They are, and that’s important and that's a big benefit. So the short answer is that it will come from both portfolios, we’ll call it the agency and non-agency portfolio. When you think about our non-agency book, you have a combination obviously of CRT for the most part. It's a combination of CRT and legacy non-agencies. And realistically we intend to remain active in the CRT space, but as you know all too well, there are limits to how much you can own in CRT just due to the kind of good REIT income dynamics there. So we don't expect that portfolio to grow that much.

In legacy non-agencies, you're going to likely see that portfolio shrink for obvious reasons. The universe is contracting at a consistent rate and so we are kind of thinking - we view this as somewhat of a key compound and this is a replacement for kind of the legacy non-agency portfolio that’s running off, but I think realistically the agency - the amount of equity dedicated to agencies would probably drop as well. But if I had to rank order them, I would say number one you'd see the decline come from legacy non-agencies than agencies and I wouldn't expect much shrinkage from the CRT book.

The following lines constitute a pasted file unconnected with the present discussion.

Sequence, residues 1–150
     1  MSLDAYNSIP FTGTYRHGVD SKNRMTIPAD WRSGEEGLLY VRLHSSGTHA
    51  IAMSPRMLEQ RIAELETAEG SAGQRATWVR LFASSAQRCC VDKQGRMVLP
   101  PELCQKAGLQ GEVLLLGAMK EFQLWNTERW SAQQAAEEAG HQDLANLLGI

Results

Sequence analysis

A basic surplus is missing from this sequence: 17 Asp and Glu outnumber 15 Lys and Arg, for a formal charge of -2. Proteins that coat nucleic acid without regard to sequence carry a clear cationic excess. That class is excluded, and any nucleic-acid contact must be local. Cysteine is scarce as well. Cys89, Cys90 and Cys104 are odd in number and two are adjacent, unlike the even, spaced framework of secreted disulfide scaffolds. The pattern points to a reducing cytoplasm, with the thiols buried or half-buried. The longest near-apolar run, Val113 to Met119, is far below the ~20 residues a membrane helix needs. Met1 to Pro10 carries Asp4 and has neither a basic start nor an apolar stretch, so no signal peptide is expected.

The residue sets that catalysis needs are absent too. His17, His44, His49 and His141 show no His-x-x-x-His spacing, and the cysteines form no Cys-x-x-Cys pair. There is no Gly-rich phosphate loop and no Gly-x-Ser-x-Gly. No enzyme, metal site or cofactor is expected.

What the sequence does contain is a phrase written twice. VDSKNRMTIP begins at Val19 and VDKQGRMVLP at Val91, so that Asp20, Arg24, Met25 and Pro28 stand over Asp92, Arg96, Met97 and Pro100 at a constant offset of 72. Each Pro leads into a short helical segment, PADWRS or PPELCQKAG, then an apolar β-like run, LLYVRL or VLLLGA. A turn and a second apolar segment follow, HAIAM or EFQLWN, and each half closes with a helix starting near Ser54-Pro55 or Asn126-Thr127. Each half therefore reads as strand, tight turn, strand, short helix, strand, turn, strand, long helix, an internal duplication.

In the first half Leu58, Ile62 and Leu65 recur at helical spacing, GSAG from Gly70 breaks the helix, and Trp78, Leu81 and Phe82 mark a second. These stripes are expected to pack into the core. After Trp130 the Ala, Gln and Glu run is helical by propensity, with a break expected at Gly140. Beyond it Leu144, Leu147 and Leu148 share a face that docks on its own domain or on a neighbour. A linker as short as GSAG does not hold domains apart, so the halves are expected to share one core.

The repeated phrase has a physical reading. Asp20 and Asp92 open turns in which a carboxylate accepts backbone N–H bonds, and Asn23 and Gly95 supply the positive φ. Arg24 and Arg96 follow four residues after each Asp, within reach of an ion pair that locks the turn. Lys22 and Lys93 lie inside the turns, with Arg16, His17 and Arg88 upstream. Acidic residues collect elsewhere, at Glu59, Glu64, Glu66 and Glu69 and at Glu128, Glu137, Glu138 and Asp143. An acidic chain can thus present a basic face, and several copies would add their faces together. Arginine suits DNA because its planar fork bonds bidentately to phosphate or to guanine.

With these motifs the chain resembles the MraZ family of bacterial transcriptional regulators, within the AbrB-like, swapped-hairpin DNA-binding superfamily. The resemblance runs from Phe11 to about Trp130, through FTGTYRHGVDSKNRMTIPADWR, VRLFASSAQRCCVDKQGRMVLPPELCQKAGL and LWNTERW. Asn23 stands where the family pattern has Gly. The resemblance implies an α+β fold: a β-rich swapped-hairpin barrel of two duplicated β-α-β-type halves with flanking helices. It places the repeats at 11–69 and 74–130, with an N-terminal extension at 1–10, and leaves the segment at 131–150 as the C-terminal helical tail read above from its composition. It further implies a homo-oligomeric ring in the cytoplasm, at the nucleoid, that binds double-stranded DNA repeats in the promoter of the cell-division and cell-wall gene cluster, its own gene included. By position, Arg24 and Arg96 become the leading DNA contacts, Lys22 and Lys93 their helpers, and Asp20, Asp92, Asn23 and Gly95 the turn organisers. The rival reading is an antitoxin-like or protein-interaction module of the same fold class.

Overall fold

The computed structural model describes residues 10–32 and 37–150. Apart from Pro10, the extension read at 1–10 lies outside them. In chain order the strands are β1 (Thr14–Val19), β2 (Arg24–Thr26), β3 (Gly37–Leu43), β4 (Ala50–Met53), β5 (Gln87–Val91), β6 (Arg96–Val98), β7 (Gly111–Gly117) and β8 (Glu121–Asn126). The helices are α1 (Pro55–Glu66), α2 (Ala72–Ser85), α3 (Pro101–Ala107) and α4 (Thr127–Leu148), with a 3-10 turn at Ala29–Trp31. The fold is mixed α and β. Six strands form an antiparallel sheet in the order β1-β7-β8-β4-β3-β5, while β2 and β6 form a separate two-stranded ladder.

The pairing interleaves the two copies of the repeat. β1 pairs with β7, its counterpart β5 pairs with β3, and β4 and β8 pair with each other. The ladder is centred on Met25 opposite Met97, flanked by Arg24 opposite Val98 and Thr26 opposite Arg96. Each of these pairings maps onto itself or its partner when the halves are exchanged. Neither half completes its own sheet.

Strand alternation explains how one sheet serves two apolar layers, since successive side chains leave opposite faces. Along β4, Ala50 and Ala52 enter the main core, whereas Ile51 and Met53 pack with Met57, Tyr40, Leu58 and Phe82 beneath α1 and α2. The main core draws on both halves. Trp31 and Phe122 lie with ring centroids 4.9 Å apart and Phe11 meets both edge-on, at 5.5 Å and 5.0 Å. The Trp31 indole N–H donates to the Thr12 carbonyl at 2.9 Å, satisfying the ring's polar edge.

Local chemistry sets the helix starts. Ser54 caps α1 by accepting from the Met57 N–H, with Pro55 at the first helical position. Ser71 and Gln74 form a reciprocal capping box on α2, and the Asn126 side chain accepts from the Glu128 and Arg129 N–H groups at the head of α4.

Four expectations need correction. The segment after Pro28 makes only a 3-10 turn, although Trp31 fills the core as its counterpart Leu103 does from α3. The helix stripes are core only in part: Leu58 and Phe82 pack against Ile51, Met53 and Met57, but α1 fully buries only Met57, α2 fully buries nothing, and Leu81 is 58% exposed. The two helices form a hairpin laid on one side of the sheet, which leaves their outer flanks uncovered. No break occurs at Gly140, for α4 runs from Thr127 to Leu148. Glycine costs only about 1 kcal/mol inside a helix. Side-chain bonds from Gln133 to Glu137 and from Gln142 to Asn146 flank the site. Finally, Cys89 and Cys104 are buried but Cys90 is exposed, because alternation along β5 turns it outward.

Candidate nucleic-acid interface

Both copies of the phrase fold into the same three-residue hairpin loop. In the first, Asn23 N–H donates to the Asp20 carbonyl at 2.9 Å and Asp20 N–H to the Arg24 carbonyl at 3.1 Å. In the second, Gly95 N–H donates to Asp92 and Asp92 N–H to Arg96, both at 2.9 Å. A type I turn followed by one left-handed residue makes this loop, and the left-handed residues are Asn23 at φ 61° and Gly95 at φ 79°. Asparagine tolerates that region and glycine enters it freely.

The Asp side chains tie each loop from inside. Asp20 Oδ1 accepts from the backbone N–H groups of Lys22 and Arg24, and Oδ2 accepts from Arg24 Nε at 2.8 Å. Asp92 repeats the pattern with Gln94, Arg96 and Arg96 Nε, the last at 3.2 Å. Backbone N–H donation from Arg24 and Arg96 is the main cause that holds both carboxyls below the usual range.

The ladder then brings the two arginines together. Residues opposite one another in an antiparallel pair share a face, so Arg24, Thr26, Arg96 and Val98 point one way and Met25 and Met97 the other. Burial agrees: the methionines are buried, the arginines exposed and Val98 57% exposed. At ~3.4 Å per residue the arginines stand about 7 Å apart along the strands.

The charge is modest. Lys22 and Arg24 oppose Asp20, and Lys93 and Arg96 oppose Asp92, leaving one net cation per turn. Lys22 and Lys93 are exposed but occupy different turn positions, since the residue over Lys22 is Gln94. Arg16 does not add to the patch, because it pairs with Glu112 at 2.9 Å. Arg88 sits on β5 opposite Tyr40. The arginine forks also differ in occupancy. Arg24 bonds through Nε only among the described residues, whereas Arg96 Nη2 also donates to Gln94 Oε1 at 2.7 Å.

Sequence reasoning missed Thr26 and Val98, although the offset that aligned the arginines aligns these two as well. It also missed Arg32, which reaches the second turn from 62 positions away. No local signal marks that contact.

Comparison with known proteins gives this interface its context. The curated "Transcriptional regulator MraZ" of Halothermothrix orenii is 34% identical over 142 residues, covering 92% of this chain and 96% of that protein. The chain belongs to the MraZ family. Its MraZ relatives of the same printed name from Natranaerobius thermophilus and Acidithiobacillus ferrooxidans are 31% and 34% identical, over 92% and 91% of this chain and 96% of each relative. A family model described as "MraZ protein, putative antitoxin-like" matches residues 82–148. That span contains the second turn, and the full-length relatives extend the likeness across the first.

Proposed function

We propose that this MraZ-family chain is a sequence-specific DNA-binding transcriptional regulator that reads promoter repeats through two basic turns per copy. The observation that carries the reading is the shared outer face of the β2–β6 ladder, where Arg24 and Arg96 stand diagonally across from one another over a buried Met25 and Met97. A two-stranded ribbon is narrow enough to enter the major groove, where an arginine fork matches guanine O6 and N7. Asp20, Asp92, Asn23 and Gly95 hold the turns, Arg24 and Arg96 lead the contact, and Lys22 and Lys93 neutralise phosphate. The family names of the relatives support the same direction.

Joel Houck

Okay, good. That's helpful. And then next question I have, and then I'll jump back in the queue. But in the press release you talk about the annualized net interest rate spreads excludes 18 basis point of catch-up premium amortization expense, but then the second bullet says, excluding 31 basis points to catch-up premium. I'm assuming there is a different time periods that you're referencing to?

Gary Kain

Yes, Joel, that was referred to the first quarter. That's 31 basis points of catch-up am in the first quarter and 18 in the second.

Joel Houck

Okay, I got you. And so…

Gary Kain

Sorry about that confusion.

Joel Houck

That’s all right. The projected CPR for agency did that - was it 10.1% as of June, what was it at March?

Gary Kain

It was actually unchanged. Our lifetime projection was 10.1% in both quarters and that was really - even though our quarter-over-quarter CPR increased, it was really just due to combination of the composition of our portfolio changes during the quarter. So it was unchanged lifetime at 10.1%.

Chris Kuehl

But on an individual bond basis, they were run faster at the end of the second quarter. So the composition issue is material in that. There were faster prepayment estimates even though it doesn't show up on the portfolio.